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Are Fishing Nets Made of Plastic? If Not, What?

Plastic fishing nets with floaters.

Modern-day fishing nets are made from a combination of nylons and plastics or polyamides. Polyamides are a group of plastics that range in properties, such as Nylon 6,6 or Nylon 6,12. Since nylon is stronger and non-biodegradable, it poses a danger to sea creatures.

Fishing nets, made from nylon plastic, are known to entrap fish and other sea creatures for years. However, nylons’ many uses allow the material to be woven into clothing, which must be chemically treated to protect humans from physical harm.

Although some traditional fishermen may continue to use rope or nylon fishnets, there are significant changes in the way fishing nets are made today. These changes are made to keep up with the demands of commercial fishing industries that supply ample amounts of fish to seafood markets, local stores, and other merchants.

You may be surprised to know that we were not the first humans to invent the fishing net. Our ancestors were smart, intelligent, and creative. They found a way to catch fish without using their hands, and today, we continue to follow in their footsteps.

A Little History of Ancient Fishing Nets

A fisher man mending a fishing net.

Before 1960, fishing nets were constructed with rope fibers. Rope fibers are made from non-decomposable materials. These fibers would unravel and find themselves floating in the middle of the ocean. Because of these misfortunate incidents, millions of aquatic mammals lose their lives as they become entangled in the world of nylon ghost nets.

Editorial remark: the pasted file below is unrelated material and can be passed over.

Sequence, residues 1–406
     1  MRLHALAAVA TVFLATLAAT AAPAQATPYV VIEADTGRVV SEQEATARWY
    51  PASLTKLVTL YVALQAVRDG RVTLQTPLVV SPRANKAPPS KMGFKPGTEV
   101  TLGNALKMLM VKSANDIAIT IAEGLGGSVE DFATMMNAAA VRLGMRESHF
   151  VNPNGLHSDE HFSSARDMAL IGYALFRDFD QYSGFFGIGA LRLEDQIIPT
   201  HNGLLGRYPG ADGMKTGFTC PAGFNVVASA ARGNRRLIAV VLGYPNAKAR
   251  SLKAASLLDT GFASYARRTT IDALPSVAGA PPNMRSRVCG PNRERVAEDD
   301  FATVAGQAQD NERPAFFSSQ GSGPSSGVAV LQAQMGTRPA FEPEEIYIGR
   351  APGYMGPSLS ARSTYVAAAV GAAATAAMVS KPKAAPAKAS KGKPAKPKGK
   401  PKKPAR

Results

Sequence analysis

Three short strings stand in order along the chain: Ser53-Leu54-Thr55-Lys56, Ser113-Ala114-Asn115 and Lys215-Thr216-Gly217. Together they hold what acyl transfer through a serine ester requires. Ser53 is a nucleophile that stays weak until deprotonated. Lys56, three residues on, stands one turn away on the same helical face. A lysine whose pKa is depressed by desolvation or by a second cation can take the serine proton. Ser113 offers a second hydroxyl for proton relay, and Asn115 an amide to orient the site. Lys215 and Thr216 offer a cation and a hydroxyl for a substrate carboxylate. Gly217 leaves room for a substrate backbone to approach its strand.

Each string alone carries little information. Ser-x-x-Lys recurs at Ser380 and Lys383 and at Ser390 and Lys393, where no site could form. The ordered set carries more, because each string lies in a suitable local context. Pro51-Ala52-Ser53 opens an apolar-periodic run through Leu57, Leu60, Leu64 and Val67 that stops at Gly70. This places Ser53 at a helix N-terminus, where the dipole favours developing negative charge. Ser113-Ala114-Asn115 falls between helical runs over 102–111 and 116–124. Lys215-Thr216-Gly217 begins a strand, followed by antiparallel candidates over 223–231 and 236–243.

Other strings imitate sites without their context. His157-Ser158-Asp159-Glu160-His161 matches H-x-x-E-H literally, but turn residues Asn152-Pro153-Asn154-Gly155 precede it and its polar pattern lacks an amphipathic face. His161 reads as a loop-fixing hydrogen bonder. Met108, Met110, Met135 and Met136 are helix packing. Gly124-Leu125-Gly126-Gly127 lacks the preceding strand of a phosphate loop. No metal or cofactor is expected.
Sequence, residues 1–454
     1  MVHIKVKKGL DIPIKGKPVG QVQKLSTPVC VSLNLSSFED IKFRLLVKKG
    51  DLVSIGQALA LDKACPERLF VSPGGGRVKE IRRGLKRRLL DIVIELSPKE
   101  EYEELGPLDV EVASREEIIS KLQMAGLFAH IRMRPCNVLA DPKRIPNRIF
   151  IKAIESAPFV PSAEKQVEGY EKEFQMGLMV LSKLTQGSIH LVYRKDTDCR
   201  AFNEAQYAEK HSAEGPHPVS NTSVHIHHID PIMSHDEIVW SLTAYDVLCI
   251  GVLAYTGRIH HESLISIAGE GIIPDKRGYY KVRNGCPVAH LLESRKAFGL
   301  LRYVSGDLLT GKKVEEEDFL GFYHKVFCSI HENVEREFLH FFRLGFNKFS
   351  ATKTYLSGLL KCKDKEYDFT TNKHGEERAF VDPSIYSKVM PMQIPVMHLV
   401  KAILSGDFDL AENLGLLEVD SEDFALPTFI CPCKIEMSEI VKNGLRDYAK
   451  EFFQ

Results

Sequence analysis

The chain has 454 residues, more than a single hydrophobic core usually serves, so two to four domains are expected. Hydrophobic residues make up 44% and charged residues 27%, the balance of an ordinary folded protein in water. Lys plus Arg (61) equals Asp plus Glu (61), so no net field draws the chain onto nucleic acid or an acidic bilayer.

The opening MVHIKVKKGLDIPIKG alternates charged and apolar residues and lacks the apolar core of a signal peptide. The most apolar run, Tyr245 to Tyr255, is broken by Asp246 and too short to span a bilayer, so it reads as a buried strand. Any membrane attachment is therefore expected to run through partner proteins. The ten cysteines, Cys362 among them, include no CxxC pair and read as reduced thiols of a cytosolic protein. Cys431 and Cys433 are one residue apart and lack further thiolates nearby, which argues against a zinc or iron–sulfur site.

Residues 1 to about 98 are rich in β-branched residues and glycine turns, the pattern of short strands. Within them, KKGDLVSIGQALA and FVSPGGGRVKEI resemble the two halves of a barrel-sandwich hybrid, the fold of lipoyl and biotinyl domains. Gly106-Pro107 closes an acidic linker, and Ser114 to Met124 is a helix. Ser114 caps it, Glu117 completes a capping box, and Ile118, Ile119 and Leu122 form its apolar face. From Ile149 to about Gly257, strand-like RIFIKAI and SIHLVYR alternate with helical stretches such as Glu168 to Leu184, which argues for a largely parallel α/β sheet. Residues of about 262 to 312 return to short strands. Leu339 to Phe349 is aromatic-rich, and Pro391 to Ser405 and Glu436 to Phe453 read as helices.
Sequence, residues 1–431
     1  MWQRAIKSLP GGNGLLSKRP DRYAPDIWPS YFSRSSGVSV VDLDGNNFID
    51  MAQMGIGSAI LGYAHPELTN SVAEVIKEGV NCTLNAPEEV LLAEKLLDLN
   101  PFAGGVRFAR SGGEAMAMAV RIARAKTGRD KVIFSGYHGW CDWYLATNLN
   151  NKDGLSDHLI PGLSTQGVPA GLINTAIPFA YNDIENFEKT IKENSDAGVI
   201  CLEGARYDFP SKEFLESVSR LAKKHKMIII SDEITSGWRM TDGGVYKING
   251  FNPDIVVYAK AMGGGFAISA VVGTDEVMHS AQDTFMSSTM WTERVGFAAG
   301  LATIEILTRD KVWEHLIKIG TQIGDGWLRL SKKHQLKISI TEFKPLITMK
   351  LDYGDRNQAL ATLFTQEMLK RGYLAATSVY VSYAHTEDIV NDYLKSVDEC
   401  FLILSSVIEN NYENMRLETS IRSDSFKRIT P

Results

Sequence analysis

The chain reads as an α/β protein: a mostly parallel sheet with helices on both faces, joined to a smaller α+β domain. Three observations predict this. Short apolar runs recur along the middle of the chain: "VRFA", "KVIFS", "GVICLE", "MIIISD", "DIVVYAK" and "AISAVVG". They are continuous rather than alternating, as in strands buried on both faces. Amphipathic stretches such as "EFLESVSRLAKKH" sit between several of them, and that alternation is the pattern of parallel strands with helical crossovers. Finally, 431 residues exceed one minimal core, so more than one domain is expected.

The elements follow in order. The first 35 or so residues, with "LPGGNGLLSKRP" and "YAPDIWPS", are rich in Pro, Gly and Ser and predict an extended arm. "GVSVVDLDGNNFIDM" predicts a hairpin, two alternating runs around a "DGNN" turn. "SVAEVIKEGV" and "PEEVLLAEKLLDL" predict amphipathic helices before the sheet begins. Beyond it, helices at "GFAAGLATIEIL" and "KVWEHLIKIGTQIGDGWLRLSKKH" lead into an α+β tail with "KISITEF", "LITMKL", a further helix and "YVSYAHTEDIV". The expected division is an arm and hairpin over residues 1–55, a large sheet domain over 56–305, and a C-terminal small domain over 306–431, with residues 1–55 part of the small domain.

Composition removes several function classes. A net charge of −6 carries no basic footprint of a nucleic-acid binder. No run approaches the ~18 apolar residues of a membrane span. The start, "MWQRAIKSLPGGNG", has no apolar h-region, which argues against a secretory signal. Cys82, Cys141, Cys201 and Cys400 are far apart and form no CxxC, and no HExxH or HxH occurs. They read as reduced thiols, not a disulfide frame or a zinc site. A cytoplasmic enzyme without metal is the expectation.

However, these deadly nets are still in the ocean, and they continue to be a constant threat to fishes and other aquamarine mammals.

Compared to previous fishing nets, today’s nets are more durable, weigh less, and are inexpensive. The history of fishing nets is interesting as they are traced back to 8300 BC. During that period in history, fishing nets were made from a material called willow.

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However, drawings in rock caves in Norway which date back to 4200-500 BC show cravings for what some believe to be the construction of early fishing nets. Native Americans were more creative, as they implemented nettles, spruce root fibers, grass, and cedar bark to make their nets. Rocks were used as weights and wood served as floaters.

If you have ever watched some of the old movies, you may have seen a fisherman casting a net over the edge of a boat. Depending on the time in history, the fishing nets could have been made from wool or silk, or a combination of fabrics. These nets were huge, and it took more than one person to toss them overboard.

The larger the net, the more fish fishermen could catch, which meant that the nets had to be strong.

Fishing Net Materials

A group of fisherman pulling a nylon fishing net.

Modern-day fishing nets are created from a dozen types of machine-made and organic materials. Vegetable fibers such as cotton, manila, flax, and sisal provide a safer and healthier alternative for both the oceans and the creatures they inhabit. In addition, fishing nets are also made from man-made materials like nylon, polyethylene, polyester, and polypropylene.

Every so often, people, companies, manufacturers, and seafarers produce what they believe to be a better solution to catching fish or seafood. The materials they choose, may or may not be the best choice when it comes to protecting the environment.

However, the main goal is to make a product that can hold the number of fish they caught. As strong as plastic materials are, they should not be, and they are not the ultimate choice for constructing fishing nets.